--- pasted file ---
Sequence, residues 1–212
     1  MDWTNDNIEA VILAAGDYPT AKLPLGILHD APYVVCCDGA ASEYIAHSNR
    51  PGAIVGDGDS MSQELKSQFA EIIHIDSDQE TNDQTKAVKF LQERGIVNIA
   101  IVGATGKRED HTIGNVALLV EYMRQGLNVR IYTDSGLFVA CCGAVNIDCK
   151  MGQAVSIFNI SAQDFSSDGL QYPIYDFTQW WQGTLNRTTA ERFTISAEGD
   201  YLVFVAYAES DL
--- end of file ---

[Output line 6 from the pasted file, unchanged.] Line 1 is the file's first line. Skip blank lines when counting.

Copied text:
   201  YLVFVAYAES DL